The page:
Michael Woods of NyFightBlog.com reported a credible source told him that he is “sure” that WBO world welterweight champion Manny “Pac-Man” Pacquiao will meet Puerto Rican icon and WBA world light-welterweight titlist Miguel Cotto in a rematch sometime in the early-summer.
Pacquiao, (54-3-2, 38 KOs), the first pugilist in history to win 10 world crowns in eight separate weight divisions, eked out an extremely controversial majority decision victory over WBA, WBO and The Ring lightweight king Juan Manuel Marquez in their third fight November 12 at the MGM Grand Garden Arena in Las Vegas.
A few weeks later on December 3, Cotto (37-2, 30 KOs) retained his belt and earned revenge versus “The Tijuana Tornado” Antonio Margarito with a 10th round TKO in their grudge contest before an electric crowd of 21,239 at Madison Square Garden in New York City.
An argument can be made that Cotto, a four-time world champion in three weight divisions, has never been fairly trumped in the squared circle.
In curious fashion, the native of Caguas “lost” his first bout as a professional against Margarito (38-8, 27 KOs) by a savage 11th round TKO in July 2008.
Roughly seven months after his disturbingly violent thrashing of Cotto, Margarito had his boxing license justifiably revoked by the California State Athletic Commission in February 2009 after it was discovered that he attempted to scrap former three-division titlist “Sugar” Shane Mosley with a plaster-like substance inside of his hand wraps.
Fortunately, “Margacheato” was caught and proven to be a cowardly charlatan by officials at the Staples Center in Los Angeles before the match began and he had the opportunity to seriously injure Mosley (46-7-1-1, 39 KOs) with his cement fists.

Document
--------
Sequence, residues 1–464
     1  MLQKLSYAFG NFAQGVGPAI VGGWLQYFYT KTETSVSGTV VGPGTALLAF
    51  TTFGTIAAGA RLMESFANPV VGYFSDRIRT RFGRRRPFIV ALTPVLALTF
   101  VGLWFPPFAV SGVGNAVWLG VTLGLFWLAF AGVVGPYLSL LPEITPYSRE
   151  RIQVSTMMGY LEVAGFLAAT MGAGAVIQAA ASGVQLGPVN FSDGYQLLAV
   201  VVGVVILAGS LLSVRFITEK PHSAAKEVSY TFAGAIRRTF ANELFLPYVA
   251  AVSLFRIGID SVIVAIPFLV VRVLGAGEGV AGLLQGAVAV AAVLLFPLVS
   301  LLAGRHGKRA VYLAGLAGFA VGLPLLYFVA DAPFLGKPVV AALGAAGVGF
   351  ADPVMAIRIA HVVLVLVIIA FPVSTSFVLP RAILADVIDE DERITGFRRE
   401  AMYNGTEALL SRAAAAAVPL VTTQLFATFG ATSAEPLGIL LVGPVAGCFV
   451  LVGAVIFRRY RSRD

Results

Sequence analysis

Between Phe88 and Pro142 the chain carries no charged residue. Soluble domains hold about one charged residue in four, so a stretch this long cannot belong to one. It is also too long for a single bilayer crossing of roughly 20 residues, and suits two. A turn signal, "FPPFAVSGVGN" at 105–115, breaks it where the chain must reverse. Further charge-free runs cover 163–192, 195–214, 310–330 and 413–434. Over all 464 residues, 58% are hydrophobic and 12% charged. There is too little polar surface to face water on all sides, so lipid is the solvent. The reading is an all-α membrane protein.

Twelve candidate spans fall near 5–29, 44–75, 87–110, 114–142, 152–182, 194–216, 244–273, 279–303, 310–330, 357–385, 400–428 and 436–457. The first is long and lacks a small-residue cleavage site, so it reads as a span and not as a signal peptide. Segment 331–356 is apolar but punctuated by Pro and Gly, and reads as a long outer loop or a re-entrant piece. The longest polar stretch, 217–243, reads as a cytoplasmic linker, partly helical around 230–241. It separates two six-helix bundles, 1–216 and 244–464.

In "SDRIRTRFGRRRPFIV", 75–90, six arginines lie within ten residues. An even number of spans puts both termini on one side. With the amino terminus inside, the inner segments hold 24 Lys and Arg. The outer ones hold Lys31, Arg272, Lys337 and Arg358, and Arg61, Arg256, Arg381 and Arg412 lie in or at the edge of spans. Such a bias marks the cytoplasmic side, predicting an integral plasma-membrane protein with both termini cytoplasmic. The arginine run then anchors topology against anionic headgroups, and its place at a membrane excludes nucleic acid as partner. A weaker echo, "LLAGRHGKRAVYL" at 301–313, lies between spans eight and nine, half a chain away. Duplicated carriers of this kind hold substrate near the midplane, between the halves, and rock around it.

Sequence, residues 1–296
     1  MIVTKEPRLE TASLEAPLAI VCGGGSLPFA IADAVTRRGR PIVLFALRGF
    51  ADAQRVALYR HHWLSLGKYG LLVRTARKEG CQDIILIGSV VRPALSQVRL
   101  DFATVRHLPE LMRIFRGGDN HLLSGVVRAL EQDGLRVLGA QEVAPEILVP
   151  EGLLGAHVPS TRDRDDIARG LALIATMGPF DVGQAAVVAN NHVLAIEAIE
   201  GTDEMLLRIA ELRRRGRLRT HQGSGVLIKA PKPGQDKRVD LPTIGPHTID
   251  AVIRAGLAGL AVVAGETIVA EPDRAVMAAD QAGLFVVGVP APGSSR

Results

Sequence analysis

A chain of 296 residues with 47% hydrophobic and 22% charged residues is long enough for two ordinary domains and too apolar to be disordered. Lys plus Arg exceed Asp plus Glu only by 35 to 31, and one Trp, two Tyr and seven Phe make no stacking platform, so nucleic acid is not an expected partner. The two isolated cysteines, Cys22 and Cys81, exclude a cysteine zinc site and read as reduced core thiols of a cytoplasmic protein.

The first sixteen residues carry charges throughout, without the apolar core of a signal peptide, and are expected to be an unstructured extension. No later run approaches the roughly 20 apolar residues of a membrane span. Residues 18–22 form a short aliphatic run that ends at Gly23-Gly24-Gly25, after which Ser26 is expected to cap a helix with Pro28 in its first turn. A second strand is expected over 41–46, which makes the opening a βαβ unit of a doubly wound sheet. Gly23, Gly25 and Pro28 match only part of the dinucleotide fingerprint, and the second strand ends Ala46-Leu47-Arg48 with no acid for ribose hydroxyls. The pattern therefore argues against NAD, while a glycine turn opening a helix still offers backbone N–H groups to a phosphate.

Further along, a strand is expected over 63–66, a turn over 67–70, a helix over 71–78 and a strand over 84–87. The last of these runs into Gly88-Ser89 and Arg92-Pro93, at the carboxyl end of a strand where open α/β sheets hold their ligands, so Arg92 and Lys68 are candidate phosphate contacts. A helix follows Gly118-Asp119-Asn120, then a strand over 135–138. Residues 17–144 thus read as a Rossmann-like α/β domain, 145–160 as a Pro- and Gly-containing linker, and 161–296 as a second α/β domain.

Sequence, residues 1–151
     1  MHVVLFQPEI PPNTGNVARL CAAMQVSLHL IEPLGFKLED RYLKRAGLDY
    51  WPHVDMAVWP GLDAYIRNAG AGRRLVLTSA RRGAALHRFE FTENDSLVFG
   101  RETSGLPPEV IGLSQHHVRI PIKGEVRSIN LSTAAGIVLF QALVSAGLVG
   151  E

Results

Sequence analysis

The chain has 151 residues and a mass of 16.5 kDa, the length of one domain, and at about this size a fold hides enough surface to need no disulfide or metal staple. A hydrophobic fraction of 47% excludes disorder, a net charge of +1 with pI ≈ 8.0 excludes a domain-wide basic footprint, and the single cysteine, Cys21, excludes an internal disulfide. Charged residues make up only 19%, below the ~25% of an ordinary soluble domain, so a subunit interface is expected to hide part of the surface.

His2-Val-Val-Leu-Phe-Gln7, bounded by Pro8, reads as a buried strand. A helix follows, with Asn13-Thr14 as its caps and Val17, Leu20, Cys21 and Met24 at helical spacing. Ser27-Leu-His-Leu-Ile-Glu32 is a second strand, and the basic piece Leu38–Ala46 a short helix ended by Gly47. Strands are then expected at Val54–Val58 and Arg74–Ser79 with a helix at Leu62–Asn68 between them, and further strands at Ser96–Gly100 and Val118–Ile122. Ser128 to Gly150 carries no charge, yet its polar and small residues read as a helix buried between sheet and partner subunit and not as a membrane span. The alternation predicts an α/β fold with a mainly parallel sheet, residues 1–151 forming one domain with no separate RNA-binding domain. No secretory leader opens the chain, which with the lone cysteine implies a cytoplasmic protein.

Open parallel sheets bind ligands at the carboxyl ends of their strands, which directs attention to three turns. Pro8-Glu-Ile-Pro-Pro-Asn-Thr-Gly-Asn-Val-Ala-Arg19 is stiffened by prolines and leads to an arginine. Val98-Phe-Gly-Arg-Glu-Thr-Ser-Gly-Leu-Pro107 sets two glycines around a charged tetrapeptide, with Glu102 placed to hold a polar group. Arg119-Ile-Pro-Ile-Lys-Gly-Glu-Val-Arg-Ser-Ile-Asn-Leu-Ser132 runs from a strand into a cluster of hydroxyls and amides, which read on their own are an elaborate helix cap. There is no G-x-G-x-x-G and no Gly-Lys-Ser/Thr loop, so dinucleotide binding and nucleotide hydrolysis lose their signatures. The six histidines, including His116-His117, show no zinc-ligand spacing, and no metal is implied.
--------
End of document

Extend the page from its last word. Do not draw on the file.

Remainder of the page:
Cotto, who was a visibly different prizefighter after Margarito hit him a few hundred times with cinder blocks, suffered the second loss of his career by a brutal 12th round TKO to Pacquiao in November 2009.
There is not a shred of sustainable evidence to prove that Pacquiao has ever used performance enhancing drugs.
Nevertheless, a thick air of suspicion throughout the boxing community has long shrouded “Pac-Man’s” development and ascension as a dominant prizefighter.
Since he pulverized and outclassed Margarito, Cotto has now recorded five victories against one defeat since his corrupt tangle with the evil Mexican nearly four years ago.
Roger “Pitt” Perron is a respected boxing trainer from Brockton (Mass.) who now works with Mike and Rich Cappiello at their gym, Cappiello Brothers Boxing and Training.
Perron is confident that Cotto is far from a spent prizefighter.
“Cotto isn’t done yet,” said Perron, 75, who worked with Marvelous Marvin Hagler. “He proved that against Margarito. The cheater got what he deserved.”
If the camps for Pacquiao and WBC world welterweight titlist “Pretty Boy” Floyd Mayweather ridiculously can’t come to an agreement, Cotto-Pacquiao II would be an intriguing clash.
It is fair to predict that Cotto has been reinvigorated as a prizefighter since he vanquished his demons and blasted Margarito.
The current, and newfound, version of Miguel Cotto is an entirely different fighter than the one Manny Pacquiao abused more than two years ago.
Win, lose or draw, boxing fans can be “sure” of that.
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